Bernheim Barrel Proof Wheat Whiskey has a tasty list of flavors, but nothing really sticks out or pops yet. It still makes up for that small shortcoming with great viscosity, flavor, and balance, although there isn’t much range. Still, it’s one of the better wheaters I’ve had, quite similar to Old Elk Single Barrel Wheated Bourbon.
After “chewing” I taste dense caramel, vanilla, ripe red apple and candied red apple, roasted oak, orange, cinnamon, clove, candied ginger, pastry, and a little chocolate malt. Ah, there’s some pop in the candied apple and it makes it feel like an apple turnover coated in caramel, which is delicious by the way.
It has good viscosity and mouthfeel with increasing oiliness so I can feel every bit of the 59.4% ABV and non chill filtration (probably), but with decently well-controlled heat.
The finish at first leaves caramel coated apple, roasted oak, cinnamon, vanilla, clove, and candied ginger. After “chewing”, it leaves caramel, red apple, roasted oak, drying oils, a lot of cinnamon, flaky pastry, and some vanilla frosting in the back.
Bernheim Barrel Proof Wheat Whiskey continues to be a caramel-forward bourb…I mean wheat whiskey. I don’t know if I can pinpoint any particular favor that clearly separates it from wheated bourbon. A certain pastry-like quality might, but I don’t even think that I could reliably catch that in a blind comparison.
So flavor-wise, this is a densely flavorful experience that will satiate and please any wheated bourbon lover, but it seems to be missing some variety and depth.

q? encoding=UTF8&ASIN=B016YPDI3A&Format= SL250 &ID=AsinImage&MarketPlace=US&ServiceVersion=20070822&WS=1&tag=thewhiskeyshe 20&language=en USir?t=thewhiskeyshe 20&language=en US&l=li3&o=1&a=B016YPDI3A

I’ve unfortunately lost some Glencairn’s while in transit, and that made me very sad. So, I wised up and bought this Glencairn Travel Case that comes also comes with 2 glasses so I don’t need to worry so much about them breaking. I think it’s great, and I think you’ll love it too.

Seriously, if you already have glasses, protect them.

Bernheim Barrel Proof Wheat Whiskey Rating

Top Shelf
I enjoy the standard Bernheim Wheat Whiskey (it’s one of the best wheaters under $30), so it makes sense that I like the amped-up barrel proof version even more. I think it would behoove Heaven Hill to expand these releases so more people can try them, because I think there is an appetite to buy high quality wheaters…even if they’re not wheated bourbon.
What’s so interesting to me is that it drinks so much like a wheated bourbon, which I think will surprise many who drink this. I could even be fooled into thinking that it was made by Maker’s Mark, a new and better version of Maker’s Mark Cask Strength.
It’s not like rye, where rye whiskey and high rye bourbon often feel so different to me. Wheat is a less…aggressive and intense grain so adding more of it doesn’t completely take over the corn. The good is that people will feel somewhat familiar with Bernheim, but the bad is that it won’t feel as novel and unique.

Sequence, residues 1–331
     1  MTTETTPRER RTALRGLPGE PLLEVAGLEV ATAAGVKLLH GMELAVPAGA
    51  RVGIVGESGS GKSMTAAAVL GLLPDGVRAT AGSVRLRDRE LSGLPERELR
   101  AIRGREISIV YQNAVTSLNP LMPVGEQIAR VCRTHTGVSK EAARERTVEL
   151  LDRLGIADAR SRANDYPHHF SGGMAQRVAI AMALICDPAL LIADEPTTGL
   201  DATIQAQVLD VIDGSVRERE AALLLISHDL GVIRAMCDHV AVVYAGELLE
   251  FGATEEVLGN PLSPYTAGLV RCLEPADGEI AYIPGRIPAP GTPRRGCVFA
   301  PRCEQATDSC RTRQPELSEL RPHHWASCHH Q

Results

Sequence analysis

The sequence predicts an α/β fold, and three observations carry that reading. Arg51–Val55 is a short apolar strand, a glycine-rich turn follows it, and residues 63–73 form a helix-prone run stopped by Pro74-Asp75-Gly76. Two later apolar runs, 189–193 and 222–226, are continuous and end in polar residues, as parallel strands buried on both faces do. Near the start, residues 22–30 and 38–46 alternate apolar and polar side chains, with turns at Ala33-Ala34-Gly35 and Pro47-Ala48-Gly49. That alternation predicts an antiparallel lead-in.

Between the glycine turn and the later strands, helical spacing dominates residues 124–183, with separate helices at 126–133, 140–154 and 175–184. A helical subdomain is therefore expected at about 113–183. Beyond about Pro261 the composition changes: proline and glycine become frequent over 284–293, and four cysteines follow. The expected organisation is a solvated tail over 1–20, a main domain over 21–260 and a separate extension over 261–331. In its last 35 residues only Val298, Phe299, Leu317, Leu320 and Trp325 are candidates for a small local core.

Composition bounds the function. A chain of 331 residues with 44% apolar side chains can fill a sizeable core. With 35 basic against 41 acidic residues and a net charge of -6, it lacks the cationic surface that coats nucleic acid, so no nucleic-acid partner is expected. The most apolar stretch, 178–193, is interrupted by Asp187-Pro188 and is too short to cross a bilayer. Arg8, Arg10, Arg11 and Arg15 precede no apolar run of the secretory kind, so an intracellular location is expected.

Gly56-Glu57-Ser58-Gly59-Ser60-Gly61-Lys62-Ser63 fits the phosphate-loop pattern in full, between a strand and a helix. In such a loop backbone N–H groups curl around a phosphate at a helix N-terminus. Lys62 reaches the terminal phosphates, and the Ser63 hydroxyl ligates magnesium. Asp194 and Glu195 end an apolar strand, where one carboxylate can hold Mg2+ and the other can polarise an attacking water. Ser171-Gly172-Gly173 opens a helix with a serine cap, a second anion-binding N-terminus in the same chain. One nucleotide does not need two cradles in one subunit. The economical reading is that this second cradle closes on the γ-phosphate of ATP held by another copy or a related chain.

Speaking of the good and the bad, Bernheim Barrel Proof Wheat Whiskey has a lot of good about it, and a few shortcomings / limitations. It is truly the amped up version of the standard Bernheim, but with not much new stuff added. There are no new surprises or unique layers, just even more of a good thing.
I can’t tell you what Heaven Hill did to create a somewhat limited experience (maybe batch 1 jitters) that could use more fruitiness, but I hope that they continue to learn and improve with subsequent batches. I hear that Larceny Barrel Proof batches got better over time, so hopefully the same will happen here. Who knows what they’ll do, because I’m sure many have opinions about which Elijah Crag Barrel Proof batches across the years are better / worse / preferred profile. There necessarily isn’t an upward trend.
But for the first batch, I think that Heaven Hill did a strong job and are showing-off what wheated bourbon’s cousin can offer to bourbon drinkers. So if you like Bernheim Wheat Whiskey and/or enjoy wheated bourbon, then Bernheim Barrel Proof Wheat Whiskey is an easy yes.
It seems like batch A223, the inaugural batch, was on the smaller side so it sold out quickly. I don’t think Heaven Hill has the stock to make it as large as Elijah Craig Barrel Proof or Larceny Barrel Proof, but I hope that they find a way to expose more people to what wheat whiskey can be. It’s not wheated bourbon, but I think it’s pretty close and just as good.
Alex author
Meet the Author: Alex

I have far too much fun writing about whiskey and singlehandedly running The Whiskey Shelf to bring you independent, honest, and useful reviews, comparisons, and more. I’m proudly Asian American and can speak Cantonese, Mandarin, and some Japanese.

There are no sponsors, no media companies, and no nonsense. Support The Whiskey Shelf by Buying Me A Shot.
q? encoding=UTF8&MarketPlace=US&ASIN=B07GL6Z1X3&ServiceVersion=20070822&ID=AsinImage&WS=1&Format= SL250 &tag=thewhiskeyshe 20

Shattered glass really sucks, so if you’re on the move, this Glencairn-like stainless steel snifter glass should survive your travels. Full transparency, this is an Amazon affiliate link, so I may earn a commission if you buy this or something else from Amazon.

BrüMate NOS’R, Double-Wall Stainless Steel Whiskey Nosing Glass – 7oz (Matte Black)